On the first day of the conference, I was fortunate to have lunch (and a very engaging discussion) with Patrick Debois. His advice, when we discussed about my talk for the next day, was to chat to people at the conference and be willing and able to tweak my content if interesting ideas emerged. As it happened, someone proposed an Open Space that afternoon on blameless postmortems, and I was able to get some useful ideas from there which I could incorporate.
The talk itself was something of a blur. Some tips, though:
- Turn off notifications. There’s nothing quite like an IM notification popping up on screen in the middle of your talk.
- Do without wifi. Even better than turning off notifications is blocking out the outside world entirely. Given the famously patchy nature of conference wifi networks, and the vagaries of tethered mobile services, where possible it’s best to have your material on your computer, and be able perform without subjecting yourself to these extra sources of failure.
- Clean up your desktop. I recall one speaker at a different conference accidentally revealing some secret clients due to some file names visible when his presentation was closed.
- Use a remote. I use a Targus remote which has served me well. It fits nicely in my hand and having the buttons at my fingertips allows me to let the slide transitions flow smoothly without large, overt physical gestures (like leaning forward to press the spacebar). Since I tend to pace as I talk, this frees me up considerably. It is possible to use a smartphone as a remote, but the one time I tried that the wifi network failed and I was stuck; I’ve used a dedicated device since. I also find my iPhone doesn’t feel as comfortable and forgettable in my hand as my remote.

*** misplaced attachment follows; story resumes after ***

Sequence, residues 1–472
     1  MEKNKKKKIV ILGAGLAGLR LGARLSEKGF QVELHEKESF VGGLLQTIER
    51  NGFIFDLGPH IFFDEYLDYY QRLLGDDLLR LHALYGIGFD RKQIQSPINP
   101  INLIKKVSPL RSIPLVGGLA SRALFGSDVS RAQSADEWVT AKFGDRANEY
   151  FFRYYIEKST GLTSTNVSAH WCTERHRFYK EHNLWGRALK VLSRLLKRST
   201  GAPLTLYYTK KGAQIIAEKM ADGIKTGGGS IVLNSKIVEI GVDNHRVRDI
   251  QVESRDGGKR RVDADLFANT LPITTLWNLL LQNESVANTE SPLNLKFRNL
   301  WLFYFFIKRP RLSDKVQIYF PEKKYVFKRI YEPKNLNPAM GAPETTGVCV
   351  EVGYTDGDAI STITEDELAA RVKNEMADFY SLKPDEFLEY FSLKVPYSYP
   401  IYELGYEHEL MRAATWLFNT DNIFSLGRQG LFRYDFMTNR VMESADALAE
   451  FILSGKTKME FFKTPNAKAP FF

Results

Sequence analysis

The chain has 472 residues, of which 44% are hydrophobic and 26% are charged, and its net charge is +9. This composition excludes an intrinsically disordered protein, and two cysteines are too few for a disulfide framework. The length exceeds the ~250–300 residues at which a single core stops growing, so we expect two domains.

- Try to avoid pacing. I made the AV crew’s job much harder as they had to do a lot of panning on the close shot for the live stream.
- Have a bottle of water. Not only will you probably find your mouth gets dry as you talk, it provides a useful cover for pauses when you suddenly realise you can’t recall what you were going to say next. And if worst comes to worst, you can choke on the water and get yourself carried off stage.
- At the end, try to remain sufficiently alert to remember to remove your mic. The event’s AV technicians may well collar you and do this for you, but I did manage to forget and be talking to someone after my talk while my mic was switched on. Not quite as bad as going to the toilet while broadcasting, but best avoided.
- Feel free to hide afterwards. Most of the people I’ve spoken to who have done talks say that all they want to do after being on stage is to go somewhere quiet and not see or speak to anyone. There’s plenty of time for people to talk to you once you’ve had a chance to recover.
Talking at DevOps Days Minneapolis was a great experience (as was the entire conference) and I’m definitely looking forward to applying what I’ve learned so far to the next talk I get to give.